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Without a Net

Michelle Tea's Debut Novel Returns As Reminder Of Her Nascent Formidable Talent

Deanna Staffo

By Rahne Alexander | Posted 10/31/2007

Michelle Tea

Metro Gallery Nov. 6, part of the Sister Spit tour with Meliza Banales, Texta Queen, Tara Jepsen, Dexter Flowers, Chelsea Starr, and Kat Marie Yoas.

It is tempting, with the reissue of Michelle Tea's first novel, The Passionate Mistakes and Intricate Corruption of One Girl in America, to follow the author unbidden down a primrose path of Generation X nostalgia, to wax sentimental about the days when nearly all crises could be temporarily assuaged with enough eyeliner. Passionate Mistakes, released this month in a 10-year anniversary edition, is the same book it was when it was first released: a furious, confusing, adolescent Bildungsroman that somehow defies nostalgia. At the time, thanks to some of Tea's early contemporaries, this work may have been easily dismissed as one more slacker comedy. As shown in her subsequent work-2000's Valencia, 2002's The Chelsea Whistle, and the acclaimed 2004 graphic novel Rent Girl-Tea is just as interested in confronting challenges as Ernest Hemingway ever was, and revisiting Passionate Mistakes shows that she's been serious about her work since the get-go.

All the elements that Tea would refine in her later writing are clearly present: her rapid-fire delivery, her one-liner sociopolitical analysis, and her against-all-odds yearning for a better world. The book still stands on it own, but it's clearly an early novel by a writer beginning to find her place between the ugly truth and literary license. As such, it's a delight to see that Mistakes still defies sentimentality, even if you're looking for it.

At its core, the novel feels like a travelogue. The physical travel almost never escapes Massachusetts. There is a jaunt into New Hampshire for tattoos and a frantic jump to Tucson, Ariz., but the journey embedded in these pages is almost entirely internal. The characters who pass through do so with Candide speed, but it's never clear that any of them are physically going anywhere, either.

Passionate Mistakes is saturated in the culture and politics of the pre-riot grrrl era. Tea finds her historicity through name-checking the Lords of the New Church and Twin Peaks, not so much for the sake of street credibility as for disaffected mise-en-scène. These names mean as much as the larger sociopolitical events that peek in from time to time-abortion clinic defenses, the 1993 gay and lesbian march on Washington, the first Gulf War. It all fades into an impressionist backdrop for the wrenching misadventures of queer youth, many of whom seem already damaged beyond repair.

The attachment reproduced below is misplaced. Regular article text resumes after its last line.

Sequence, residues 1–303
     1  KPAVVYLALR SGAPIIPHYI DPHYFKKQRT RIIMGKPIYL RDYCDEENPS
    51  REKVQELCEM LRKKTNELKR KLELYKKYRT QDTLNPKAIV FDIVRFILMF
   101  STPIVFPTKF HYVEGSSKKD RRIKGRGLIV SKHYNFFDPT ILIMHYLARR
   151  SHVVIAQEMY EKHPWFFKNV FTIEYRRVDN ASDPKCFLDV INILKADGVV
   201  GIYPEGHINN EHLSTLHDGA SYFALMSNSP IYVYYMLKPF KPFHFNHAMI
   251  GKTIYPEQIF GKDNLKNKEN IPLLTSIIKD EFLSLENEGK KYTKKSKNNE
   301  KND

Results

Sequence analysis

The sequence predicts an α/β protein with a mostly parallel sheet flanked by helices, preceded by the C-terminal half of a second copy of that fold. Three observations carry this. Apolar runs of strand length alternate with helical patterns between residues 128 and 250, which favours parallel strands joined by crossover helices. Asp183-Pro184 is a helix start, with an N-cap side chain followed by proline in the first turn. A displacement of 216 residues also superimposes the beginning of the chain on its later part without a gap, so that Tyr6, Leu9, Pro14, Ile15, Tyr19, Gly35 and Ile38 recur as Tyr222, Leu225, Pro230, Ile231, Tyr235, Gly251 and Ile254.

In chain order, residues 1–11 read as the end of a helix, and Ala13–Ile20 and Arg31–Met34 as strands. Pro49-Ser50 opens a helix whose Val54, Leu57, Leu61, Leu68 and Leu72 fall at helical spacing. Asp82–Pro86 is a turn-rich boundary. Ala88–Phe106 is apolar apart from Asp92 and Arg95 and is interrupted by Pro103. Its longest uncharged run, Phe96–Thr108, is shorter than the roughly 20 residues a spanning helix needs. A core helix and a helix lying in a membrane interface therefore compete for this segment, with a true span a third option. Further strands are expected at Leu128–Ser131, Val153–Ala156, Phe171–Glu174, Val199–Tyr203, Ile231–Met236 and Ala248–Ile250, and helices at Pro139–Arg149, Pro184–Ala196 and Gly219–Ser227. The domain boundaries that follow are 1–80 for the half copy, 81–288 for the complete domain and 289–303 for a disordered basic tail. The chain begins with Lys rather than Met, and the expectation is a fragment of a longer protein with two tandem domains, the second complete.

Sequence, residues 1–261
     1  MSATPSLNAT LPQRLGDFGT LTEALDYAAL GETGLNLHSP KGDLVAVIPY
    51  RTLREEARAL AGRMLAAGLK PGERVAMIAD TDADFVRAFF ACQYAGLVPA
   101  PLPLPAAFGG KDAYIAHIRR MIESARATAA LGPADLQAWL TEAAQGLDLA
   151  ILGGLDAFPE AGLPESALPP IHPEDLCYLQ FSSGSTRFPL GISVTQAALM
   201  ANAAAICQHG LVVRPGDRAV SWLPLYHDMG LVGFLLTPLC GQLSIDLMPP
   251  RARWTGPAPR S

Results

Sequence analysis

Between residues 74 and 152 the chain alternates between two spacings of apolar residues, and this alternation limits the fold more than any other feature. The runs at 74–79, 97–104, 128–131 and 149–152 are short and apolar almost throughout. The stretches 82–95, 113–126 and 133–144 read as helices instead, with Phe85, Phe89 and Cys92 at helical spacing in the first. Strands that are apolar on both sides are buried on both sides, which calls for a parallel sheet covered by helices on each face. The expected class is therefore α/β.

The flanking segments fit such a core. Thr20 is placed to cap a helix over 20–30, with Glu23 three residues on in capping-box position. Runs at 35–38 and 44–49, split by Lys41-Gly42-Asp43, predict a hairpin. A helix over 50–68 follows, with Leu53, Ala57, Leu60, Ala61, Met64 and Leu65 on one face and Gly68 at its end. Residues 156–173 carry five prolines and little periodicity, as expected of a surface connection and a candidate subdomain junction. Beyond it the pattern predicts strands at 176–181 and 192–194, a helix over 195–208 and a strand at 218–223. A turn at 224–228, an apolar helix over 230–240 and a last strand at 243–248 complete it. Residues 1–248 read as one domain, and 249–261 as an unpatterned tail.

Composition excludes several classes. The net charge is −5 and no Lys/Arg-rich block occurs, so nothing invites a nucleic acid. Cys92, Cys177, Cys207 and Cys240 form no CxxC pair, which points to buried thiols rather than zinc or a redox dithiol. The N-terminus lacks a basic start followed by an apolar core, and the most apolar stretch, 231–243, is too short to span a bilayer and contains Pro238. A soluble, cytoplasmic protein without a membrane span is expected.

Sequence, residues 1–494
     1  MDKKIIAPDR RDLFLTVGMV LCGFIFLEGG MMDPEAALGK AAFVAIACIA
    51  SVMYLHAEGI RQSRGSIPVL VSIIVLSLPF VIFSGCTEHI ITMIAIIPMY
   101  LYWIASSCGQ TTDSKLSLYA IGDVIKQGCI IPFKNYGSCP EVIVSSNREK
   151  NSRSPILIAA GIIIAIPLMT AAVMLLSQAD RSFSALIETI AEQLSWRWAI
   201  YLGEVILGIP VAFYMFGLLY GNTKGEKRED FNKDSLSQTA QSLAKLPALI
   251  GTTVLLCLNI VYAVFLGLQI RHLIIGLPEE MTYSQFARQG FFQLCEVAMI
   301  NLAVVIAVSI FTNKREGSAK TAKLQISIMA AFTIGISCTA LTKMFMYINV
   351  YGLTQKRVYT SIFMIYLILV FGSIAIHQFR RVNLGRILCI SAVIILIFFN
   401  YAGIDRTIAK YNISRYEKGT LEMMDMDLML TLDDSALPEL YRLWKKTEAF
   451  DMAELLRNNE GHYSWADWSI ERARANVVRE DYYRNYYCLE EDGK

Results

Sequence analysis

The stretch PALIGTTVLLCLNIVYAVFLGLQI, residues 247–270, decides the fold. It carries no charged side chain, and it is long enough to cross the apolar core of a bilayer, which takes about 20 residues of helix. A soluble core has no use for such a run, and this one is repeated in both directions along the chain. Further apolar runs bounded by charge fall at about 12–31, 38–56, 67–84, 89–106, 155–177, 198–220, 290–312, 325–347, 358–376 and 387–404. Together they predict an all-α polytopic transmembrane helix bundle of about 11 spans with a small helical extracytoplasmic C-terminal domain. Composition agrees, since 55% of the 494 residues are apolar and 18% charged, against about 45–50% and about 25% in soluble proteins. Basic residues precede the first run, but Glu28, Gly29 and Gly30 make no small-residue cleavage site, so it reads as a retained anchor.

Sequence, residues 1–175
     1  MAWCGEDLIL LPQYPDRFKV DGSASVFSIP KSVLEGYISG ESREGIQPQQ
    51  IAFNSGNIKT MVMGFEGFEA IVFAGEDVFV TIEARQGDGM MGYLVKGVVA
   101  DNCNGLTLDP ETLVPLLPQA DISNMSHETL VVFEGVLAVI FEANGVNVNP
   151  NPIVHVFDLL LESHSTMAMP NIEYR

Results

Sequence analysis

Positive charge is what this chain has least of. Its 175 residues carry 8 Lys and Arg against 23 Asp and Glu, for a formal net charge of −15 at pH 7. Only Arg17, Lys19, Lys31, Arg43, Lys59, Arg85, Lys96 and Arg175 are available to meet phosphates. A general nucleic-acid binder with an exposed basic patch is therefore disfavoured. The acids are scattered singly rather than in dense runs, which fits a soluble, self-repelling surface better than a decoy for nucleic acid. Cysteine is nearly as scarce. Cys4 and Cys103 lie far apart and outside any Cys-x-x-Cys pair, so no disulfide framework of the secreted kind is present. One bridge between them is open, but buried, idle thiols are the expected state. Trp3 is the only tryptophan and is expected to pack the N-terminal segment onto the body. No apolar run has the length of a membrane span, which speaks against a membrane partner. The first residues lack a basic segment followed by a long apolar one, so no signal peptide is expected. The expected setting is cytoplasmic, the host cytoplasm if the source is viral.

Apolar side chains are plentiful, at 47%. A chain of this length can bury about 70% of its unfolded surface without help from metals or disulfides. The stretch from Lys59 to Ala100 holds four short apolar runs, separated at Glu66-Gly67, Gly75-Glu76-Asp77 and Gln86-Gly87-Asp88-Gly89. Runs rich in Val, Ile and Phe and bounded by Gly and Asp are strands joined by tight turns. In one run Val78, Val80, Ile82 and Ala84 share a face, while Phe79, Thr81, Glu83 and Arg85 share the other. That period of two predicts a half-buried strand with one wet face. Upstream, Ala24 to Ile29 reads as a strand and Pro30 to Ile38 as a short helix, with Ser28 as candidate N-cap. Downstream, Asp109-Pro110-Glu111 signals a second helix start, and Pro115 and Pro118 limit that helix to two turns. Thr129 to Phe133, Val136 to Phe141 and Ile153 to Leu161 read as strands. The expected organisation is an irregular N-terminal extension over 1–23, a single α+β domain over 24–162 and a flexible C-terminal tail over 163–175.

One tale, told early in the book, finds the protagonist skulking outside an INXS concert circa 1988, alternately lusting after the lead singer and berating herself for participating in a groupie cliché. She winds up slinking off after turning down the advances of the drummer. Passionate Mistakes is not so much a kiss-and-tell memoir as it is a more punk-rock version of a really good Ani DiFranco record, so the names don't matter so much as the events themselves. INXS vanishes into deserved obscurity, we are left with a monologue revealing the ongoing struggle with the weathered line between personal and political, which is very near to the boundary between fiction and memoir.

Writers of all calibers have busied themselves smudging the line between fiction and memoir for some time, always with varied results. There are the publicity-stunt performers such as J.T. LeRoy or Augusten Burroughs whose work, however initially intriguing, eventually disappears into the status quo like so many Tetris squares. In the hands of the gifted-a list that would certainly include Kurt Vonnegut, William S. Burroughs, Kathy Acker, David Wojnarowicz, Eileen Myles, and Tea herself-that line becomes inconsequential; the stories become at once larger than both life and lies. ★

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